• However, much about the context is taken for granted in existing materials. We would like to recommend a stronger emphasis on providing an explicit pedagogical rationale for repurposed materials in order to support re-use.
  • In social science subjects, it is the activities and context around the materials which carries the learning forward. Therefore OER-CSAP was interested in sharing and re-interpreting practice around materials, as much as making materials themselves available for sharing and re-use.

In what ways, if at all, do learning and teaching practices (need to) change when OERs are widely available? What skills/literacies do staff and students need to adapt to using and creating content in an open way?

Findings from projects

Humbox: OER develops thinking about teaching and learning in a general sense. Future OER work should tie in with the development of relevant pedagogic frameworks and approaches.

OERP: OER will not flourish until the practice is embedded into the training for new lectures. By introducing the techniques and highlighting the existence of the resources to new entrants to academia, the prospect of reusing (and re-releasing) resources become more appealing and more widespread. Quote:” ‘thinking [about OER] has been useful in terms of me re-considering how my own students engage with resources away from the classroom.’ ”

FETLAR: Staff need a better understanding and appreciation of Web2 capabilities

MEDEV findings on staff:

  • Searching online was most common when designing teaching materials that are further away from the creator’s academic background, where they do not have access to an existing collection of resources.
  • Typically, participants created the core content of a learning resource from traditional

sources e.g. textbooks and then looked online for images or videos to “tart it up”, enhance the student’s enjoyment and understanding.

On students:

  • some may look at the URL for a resource to identify those created by academics (i.e. from an or .edu web site)
  • students used ‘Star’ rating systems to preferentially view resources (particularly if a search returned many resources) and to vote for useful material. ‘Thumbs up/down’ system was also used.
  • students seem to use more sources and a wider range than do their teachers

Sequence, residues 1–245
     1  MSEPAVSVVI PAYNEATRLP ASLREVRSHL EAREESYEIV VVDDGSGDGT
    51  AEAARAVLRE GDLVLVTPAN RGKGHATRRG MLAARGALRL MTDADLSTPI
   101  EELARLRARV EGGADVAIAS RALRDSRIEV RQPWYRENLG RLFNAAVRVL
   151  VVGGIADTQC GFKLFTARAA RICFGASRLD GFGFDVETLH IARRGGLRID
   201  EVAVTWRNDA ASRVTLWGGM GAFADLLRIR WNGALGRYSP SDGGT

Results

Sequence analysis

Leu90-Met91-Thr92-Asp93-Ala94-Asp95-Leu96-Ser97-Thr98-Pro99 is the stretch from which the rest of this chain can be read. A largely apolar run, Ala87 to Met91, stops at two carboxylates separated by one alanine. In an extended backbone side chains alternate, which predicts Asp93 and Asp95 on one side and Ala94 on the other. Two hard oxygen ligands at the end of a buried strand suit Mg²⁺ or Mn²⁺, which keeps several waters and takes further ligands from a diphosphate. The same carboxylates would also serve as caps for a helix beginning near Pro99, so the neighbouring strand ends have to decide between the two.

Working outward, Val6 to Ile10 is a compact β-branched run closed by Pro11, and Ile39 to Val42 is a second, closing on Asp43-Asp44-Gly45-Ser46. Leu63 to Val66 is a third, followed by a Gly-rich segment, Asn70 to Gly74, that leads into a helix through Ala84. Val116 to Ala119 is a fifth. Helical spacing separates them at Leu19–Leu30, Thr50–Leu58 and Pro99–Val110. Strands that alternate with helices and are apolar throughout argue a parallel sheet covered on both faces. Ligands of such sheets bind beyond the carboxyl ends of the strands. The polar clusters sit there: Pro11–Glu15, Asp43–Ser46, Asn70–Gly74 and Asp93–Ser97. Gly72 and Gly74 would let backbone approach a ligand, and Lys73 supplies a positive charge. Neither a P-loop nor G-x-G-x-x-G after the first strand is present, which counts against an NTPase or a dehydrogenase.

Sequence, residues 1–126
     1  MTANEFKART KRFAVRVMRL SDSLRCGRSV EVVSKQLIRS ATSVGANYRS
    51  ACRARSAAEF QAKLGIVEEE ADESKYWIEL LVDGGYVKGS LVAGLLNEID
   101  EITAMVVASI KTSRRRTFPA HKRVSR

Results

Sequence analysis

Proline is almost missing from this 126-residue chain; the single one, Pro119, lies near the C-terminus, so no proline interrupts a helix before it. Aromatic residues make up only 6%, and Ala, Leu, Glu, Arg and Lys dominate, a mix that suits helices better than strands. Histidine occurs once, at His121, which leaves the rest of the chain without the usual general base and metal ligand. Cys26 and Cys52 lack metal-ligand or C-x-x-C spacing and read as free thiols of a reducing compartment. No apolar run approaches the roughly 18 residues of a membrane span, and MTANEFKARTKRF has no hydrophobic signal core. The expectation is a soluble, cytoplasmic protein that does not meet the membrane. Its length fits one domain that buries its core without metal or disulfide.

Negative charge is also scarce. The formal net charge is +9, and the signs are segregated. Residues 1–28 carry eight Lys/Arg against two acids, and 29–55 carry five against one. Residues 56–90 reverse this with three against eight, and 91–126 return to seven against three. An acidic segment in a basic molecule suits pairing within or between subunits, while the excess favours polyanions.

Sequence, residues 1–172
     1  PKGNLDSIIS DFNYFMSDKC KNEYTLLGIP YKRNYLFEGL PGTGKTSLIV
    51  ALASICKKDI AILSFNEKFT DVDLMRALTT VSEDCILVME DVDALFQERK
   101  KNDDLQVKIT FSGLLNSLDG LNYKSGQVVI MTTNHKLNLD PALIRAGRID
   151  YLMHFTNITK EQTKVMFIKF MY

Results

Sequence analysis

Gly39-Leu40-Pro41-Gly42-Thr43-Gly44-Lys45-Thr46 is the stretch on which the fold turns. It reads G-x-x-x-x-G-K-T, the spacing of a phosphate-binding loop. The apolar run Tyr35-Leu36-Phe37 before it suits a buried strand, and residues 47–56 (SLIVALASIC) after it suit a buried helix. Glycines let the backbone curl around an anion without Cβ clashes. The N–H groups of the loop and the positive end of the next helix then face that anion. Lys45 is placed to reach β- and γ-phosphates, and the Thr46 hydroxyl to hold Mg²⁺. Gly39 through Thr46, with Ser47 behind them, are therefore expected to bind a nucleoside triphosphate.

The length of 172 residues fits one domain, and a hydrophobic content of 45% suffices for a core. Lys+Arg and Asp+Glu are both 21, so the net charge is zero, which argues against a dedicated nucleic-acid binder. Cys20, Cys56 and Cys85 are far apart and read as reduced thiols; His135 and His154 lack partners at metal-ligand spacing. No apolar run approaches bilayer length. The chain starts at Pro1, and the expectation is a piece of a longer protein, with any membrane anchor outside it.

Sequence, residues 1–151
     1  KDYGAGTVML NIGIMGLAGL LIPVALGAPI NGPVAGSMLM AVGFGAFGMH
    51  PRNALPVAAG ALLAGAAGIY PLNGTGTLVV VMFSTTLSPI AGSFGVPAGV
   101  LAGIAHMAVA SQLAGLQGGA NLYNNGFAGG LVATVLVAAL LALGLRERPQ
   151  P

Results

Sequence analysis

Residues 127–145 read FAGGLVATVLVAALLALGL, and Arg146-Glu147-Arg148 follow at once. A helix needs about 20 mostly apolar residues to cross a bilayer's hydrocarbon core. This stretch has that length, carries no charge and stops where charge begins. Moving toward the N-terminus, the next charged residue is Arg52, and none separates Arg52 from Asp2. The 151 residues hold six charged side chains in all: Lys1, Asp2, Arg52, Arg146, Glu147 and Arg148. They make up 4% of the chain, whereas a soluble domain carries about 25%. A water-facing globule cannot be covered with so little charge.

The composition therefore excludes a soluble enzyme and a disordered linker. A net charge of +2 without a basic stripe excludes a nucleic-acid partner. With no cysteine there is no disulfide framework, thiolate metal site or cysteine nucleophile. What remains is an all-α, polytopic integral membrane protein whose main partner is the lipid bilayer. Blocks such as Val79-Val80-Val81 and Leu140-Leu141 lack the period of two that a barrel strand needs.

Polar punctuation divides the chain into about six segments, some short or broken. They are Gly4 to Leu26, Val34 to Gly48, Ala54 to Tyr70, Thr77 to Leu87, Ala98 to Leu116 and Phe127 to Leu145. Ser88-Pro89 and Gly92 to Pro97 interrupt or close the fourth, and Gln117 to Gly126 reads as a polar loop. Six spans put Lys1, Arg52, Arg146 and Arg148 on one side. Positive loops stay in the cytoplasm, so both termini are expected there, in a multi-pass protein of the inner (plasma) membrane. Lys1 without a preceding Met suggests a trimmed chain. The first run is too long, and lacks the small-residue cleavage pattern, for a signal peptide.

• their search strategies appear to be similar to those of their teachers, with most preferring initially to use a simple search box: however, students did appear to be more informed about constructing search queries, which might reflect the instruction many would have had as part of library skills training.
  • students reported regularly sharing knowledge about good resources with their peers using word of mouth, via email, or through specific collaboration tools such as when working in a small group on a shared task.

SimShare Legal: evidence from workshops that staff need particular skills and support to be comfortable developing, uploading and re-using simulations for learning.

Project outputs and evidence

Most projects note that user evaluation ‘in the field’ will have to wait until the resources have been available for longer.

PHORUS evaluation: are resources being used by PH community and are they found to be appropriate?


  • case studies of adoption and use
  • feedback from workshops with users
  • report on commentary from early adopters.
  • report on level and nature of access to resources

OERP feedback from workshops


  • OER testing and feedback from staff and learners from a range of partners: team surveys, user logs and participant observation techniques.
  • user testing of technical developments: ‘taxonomy matrix’, faceted search facility and user interfaces


TRUE: surveys of potential end-users to investigate: Are the resources of value to academics in the specialist area? How flexible are the resources? How easy are they to access? Do the resources promote research-informed teaching?

S4S: evidence of resource use (download statistics and comments) C-Change:

  • evidence of new/enhanced/transformed pedagogic approaches in relation to release and re-use of OERs (in climate change topics)
  • feedback from workshops and resource users


  • evaluation report on deployment and use of materials at chosen site: (‘extent to which the deposited resources facilitate the creation of on-line learning activities to fulfil real learning designs’).
  • review of e-supported delivery of maths at UK education levels 6 and 7, and creation of a set of use cases against which to assess materials.

Bioscience: feedback from users via interviews

SIMShare Legal:

  • feedback on use of simulations; case studies from different depts; evidence of learners’ and tutors’ perceptions and patterns of use.
  • review of the ways that simulation is used across a range of educational areas
  • evidence from dissemination events that at least 10 other institutions are seeking to integrate the open educational simulation resources into different curricula

OER MEDEV: Resource discovery toolkit